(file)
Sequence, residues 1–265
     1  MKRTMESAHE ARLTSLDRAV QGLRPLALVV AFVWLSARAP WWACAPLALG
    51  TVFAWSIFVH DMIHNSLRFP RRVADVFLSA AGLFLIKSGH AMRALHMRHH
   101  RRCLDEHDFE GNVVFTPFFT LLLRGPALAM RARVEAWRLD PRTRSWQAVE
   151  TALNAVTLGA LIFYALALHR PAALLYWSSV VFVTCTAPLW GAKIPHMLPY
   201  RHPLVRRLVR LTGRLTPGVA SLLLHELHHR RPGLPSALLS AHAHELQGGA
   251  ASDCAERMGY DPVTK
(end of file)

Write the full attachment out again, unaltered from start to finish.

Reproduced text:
Sequence, residues 1–265
     1  MKRTMESAHE ARLTSLDRAV QGLRPLALVV AFVWLSARAP WWACAPLALG
    51  TVFAWSIFVH DMIHNSLRFP RRVADVFLSA AGLFLIKSGH AMRALHMRHH
   101  RRCLDEHDFE GNVVFTPFFT LLLRGPALAM RARVEAWRLD PRTRSWQAVE
   151  TALNAVTLGA LIFYALALHR PAALLYWSSV VFVTCTAPLW GAKIPHMLPY
   201  RHPLVRRLVR LTGRLTPGVA SLLLHELHHR RPGLPSALLS AHAHELQGGA
   251  ASDCAERMGY DPVTK